FoodSecrets of burrata: The creamy Italian cheese sensation

Secrets of burrata: The creamy Italian cheese sensation

Images source: © Adobe Stock

5:26 PM EDT, June 9, 2024

A specialty with a unique structure—a cheese pouch filled with thick cream and mozzarella scraps—delights with its slightly sweet buttery taste and creamy texture, making it an ideal ingredient for a variety of Italian dishes and beyond. Discover the secrets of burrata.

Apulia is an incredibly picturesque region of Italy. This land, situated on the "heel" and "spur" of the Italian boot, attracts tourists with historic towns, charming villages, beautiful beaches, and fantastic food. The local cuisine is renowned for excellent wines, exquisite olive oil, and delicious cheeses, among which burrata stands out.

The recipe for this extraordinary product was born in Apulia, probably at the turn of the 19th and 20th centuries—the first mentions of burrata production date back to this period. However, only half a century later, the standards specifying what the cheese must fulfill to deserve this name were detailed. They were created in 1956 by Lorenzo Bianchini, the owner of a large farm near Bari.

The specialty came about somewhat accidentally. In a mozzarella-producing facility, they sought a way to use production scraps of cheese. It was discovered that they could be used to make an equally delicious product. Through a process involving the addition of acidic whey and calf rennet to fresh milk (once buffalo, now usually a cow), a mozzarella pouch is formed, hiding a filling made of thick cream and shredded mozzarella. It impresses with its velvety texture and sweet, buttery flavor.

Today, cheese from Apulia is popular throughout Europe and the United States, especially in neighborhoods inhabited by descendants of Italian immigrants. Many companies from all over Italy produce it. However, the products from around Bari and Andria are still considered the tastiest (a few years ago, "burrata di Andria" received a "protected geographical indication" certification).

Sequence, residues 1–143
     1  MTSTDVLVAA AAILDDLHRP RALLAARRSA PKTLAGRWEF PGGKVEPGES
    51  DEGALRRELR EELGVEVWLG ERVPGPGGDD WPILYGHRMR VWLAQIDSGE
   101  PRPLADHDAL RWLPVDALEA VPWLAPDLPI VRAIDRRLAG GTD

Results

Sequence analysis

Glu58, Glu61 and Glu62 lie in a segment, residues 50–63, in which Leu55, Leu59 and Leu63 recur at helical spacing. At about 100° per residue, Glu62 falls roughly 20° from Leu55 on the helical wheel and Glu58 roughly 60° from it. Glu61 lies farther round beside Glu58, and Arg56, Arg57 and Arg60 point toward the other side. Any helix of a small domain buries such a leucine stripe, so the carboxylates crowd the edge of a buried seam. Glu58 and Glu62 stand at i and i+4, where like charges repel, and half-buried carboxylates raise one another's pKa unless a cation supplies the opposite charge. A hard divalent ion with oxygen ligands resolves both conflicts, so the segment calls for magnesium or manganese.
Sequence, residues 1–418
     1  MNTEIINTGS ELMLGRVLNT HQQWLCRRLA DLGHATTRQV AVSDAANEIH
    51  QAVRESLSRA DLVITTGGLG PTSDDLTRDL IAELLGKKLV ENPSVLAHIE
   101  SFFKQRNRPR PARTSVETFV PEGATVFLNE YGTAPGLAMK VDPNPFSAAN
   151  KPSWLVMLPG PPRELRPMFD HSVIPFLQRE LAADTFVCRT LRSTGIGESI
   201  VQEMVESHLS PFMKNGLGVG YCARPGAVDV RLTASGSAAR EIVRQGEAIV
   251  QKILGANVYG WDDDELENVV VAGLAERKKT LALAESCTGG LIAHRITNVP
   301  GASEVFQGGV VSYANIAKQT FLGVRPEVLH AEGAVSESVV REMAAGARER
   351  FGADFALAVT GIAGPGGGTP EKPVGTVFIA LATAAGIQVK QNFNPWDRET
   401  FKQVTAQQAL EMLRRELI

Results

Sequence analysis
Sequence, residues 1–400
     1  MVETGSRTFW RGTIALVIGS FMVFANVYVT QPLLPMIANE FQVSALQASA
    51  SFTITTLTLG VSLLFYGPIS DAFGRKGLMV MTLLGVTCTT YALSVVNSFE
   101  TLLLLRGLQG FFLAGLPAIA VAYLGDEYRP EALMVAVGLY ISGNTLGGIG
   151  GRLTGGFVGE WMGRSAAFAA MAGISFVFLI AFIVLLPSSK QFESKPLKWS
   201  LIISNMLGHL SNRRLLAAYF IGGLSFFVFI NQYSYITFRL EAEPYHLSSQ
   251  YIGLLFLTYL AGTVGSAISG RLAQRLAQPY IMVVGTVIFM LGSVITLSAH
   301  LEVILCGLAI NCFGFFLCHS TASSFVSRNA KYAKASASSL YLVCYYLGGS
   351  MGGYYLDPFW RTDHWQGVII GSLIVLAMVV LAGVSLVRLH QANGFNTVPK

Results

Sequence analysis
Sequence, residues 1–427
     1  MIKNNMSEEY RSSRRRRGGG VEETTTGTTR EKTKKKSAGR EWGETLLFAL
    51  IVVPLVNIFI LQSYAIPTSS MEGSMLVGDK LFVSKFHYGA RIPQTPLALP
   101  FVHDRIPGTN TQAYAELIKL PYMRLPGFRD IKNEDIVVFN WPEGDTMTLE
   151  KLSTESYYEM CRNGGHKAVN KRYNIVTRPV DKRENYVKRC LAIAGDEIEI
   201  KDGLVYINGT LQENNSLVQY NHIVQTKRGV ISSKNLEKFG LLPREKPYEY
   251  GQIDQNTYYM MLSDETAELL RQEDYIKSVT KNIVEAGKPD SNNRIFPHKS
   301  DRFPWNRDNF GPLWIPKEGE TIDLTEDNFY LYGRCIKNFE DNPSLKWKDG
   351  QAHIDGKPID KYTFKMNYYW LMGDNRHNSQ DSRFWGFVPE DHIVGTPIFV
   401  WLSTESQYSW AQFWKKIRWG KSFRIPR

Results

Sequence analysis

Original cheese is sold in a bundle of asphodel leaves, which indicate the product’s freshness—if they remain green, the burrata is suitable for consumption. In American stores, the specialty is typically packed in airtight foil containers. Fortunately, this does not affect its taste or nutritional value.

Burrata© Adobe Stock

Burrata—nutritional values

Like all dairy products, burrata provides many valuable nutrients. These include complete and easily digestible proteins, an important tissue and bone-building material necessary for regulating metabolic processes and producing enzymes, hormones, or immune bodies.

Cheese from Apulia is a treasure trove of milk fat, the most easily absorbed animal fat. It is quickly digested and converted into energy, with anti-cancer properties, boosting immunity, reducing inflammation, lowering blood pressure, preventing asthma or arteriosclerosis, and supporting the treatment of diabetes and osteoporosis.

By consuming burrata, we provide the body with a solid dose of calcium, ensuring healthy bones and teeth and helping maintain proper blood clotting and efficient muscle function. It also improves mood and relieves stress. The delicacy also contains significant amounts of phosphorus, zinc, and selenium.

It contains many B vitamins, especially B2 (which plays an important role in metabolism and is necessary for the formation of red blood cells and the production of antibodies by the immune system) and B12 (which increases resistance to stress, prevents anemia, improves appetite, and even reduces the risk of Alzheimer's disease).

It is worth noting, however, that burrata provides a significant dose of calories (250-300 kcal per 3.5 ounces), so its consumption should be moderated, especially for those dealing with excess weight.

How to eat burrata

Burrata is a perishable product that lasts no more than two weeks under refrigeration. After opening, it should be consumed within 24 hours, as it loses freshness and flavor. Before consumption, it is worth taking the cheese out of the refrigerator a bit earlier and serving it at room temperature.

How to use burrata? It can be a delicious and simple snack in the form of a Caprese salad—cut the cheese on a plate, surround it with slices of tomatoes, drizzle with olive oil, sprinkle with coarsely grated pepper, and top with fresh basil leaves. Burrata also pairs well with aged ham, arugula, lamb's lettuce, mint, and lemon. It goes well with truffle dishes and tastes great with fresh, crispy bread.

This cheese can enrich various salads and pasta dishes. It also works perfectly on pizza. Of course, the delicate burrata should be placed on the pizza after it has been removed from the oven.

Thanks to its slightly sweet taste, the specialty also pairs well with desserts and can be served with strawberries, raspberries, or blueberries.

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